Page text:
Michael Irizarry


Vice President, Clinical Research; Deputy Chief Clinical Officer, Neurology Business Group, Eisai

Dr. Irizarry joined Eisai in September 2018 as Vice President of Clinical Research, Epilepsy/Sleep, in which he  led the clinical development of Eisai’s Epilepsy and Sleep/Wake programs, including regulatory submissions for compounds that received regulatory approvals to treat epilepsy and insomnia. He was named Vice President of Clinical Research for the Neurology Business Group in May 2019, and soon promoted to his current dual role in April 2020.

Prior to joining Eisai, Dr. Irizarry served as Vice President, Early Clinical Development, Neurosciences at Eli Lilly, responsible for the Phase 1 and 2 neurosciences portfolio. His focus was on neurodegeneration advancing molecules from candidate selection to investigational new drug applications, up through proof of concept studies. Before joining Eli Lilly, he was Acting Vice President, World-Wide Epidemiology at GlaxoSmithKline, where his team of more than 60 epidemiologists and database analysts supported clinical trial planning; safety and effectiveness studies; and oversight and application of in-house claim databases and electronic health records.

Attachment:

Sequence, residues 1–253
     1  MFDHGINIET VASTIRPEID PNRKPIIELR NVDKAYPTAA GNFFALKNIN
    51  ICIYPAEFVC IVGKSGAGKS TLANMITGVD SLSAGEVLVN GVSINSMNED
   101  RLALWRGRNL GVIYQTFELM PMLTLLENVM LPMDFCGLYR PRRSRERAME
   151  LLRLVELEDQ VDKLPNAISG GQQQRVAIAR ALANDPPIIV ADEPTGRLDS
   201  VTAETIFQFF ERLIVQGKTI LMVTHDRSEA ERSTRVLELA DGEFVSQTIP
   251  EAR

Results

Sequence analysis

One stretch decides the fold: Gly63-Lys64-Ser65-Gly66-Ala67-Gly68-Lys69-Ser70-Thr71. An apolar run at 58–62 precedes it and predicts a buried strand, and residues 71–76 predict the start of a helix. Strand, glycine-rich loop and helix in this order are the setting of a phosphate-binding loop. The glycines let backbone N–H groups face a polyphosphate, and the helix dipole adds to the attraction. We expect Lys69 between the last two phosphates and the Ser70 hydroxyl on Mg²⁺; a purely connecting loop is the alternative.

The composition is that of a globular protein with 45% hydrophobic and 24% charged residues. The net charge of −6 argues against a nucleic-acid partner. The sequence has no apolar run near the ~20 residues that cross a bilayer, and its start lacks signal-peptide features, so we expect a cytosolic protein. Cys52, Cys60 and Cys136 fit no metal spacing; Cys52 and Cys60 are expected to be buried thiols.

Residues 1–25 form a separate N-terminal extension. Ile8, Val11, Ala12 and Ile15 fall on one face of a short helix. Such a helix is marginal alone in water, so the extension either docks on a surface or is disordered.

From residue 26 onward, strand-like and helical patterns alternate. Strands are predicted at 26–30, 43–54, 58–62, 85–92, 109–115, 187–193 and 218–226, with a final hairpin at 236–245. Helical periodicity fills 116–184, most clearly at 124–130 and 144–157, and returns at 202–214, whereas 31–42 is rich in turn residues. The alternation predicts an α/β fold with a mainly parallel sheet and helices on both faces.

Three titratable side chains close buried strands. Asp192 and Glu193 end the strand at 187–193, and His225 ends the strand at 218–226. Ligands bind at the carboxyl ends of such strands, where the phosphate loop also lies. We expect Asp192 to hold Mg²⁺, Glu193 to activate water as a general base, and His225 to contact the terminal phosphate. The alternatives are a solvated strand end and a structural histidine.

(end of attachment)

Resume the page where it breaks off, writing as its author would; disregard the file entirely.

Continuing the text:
Dr. Irizarry earned undergraduate and medical degrees from Georgetown University, and a Masters of Public Health (M.P.H.) degree from the Harvard School of Public Health. He completed his neurology residency and Memory Disorders Fellowship at Massachusetts General Hospital, and continued as a member of the Harvard Medical School faculty at the Massachusetts Alzheimer’s Disease Research Center. His research has encompassed molecular mechanisms, clinical-pathological correlations, animal models, biomarkers, and epidemiology of neurodegenerative diseases, especially Alzheimer’s disease.

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This Speaker's Sessions

Town Hall
Wednesday Oct. 13
1:30-2:15 pm
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The Pipeline to Progress

Where are we as a nation on the path to the 2025 goal of stopping Alzheimer’s disease? Since the disease was first identified in the early 1900s, innovation has been slow, but the pace of science and discovery is dramatically increasing. This session will explore the progress made to date and the potential ahead for the development of new treatments, innovative diagnostics and means of prevention.  

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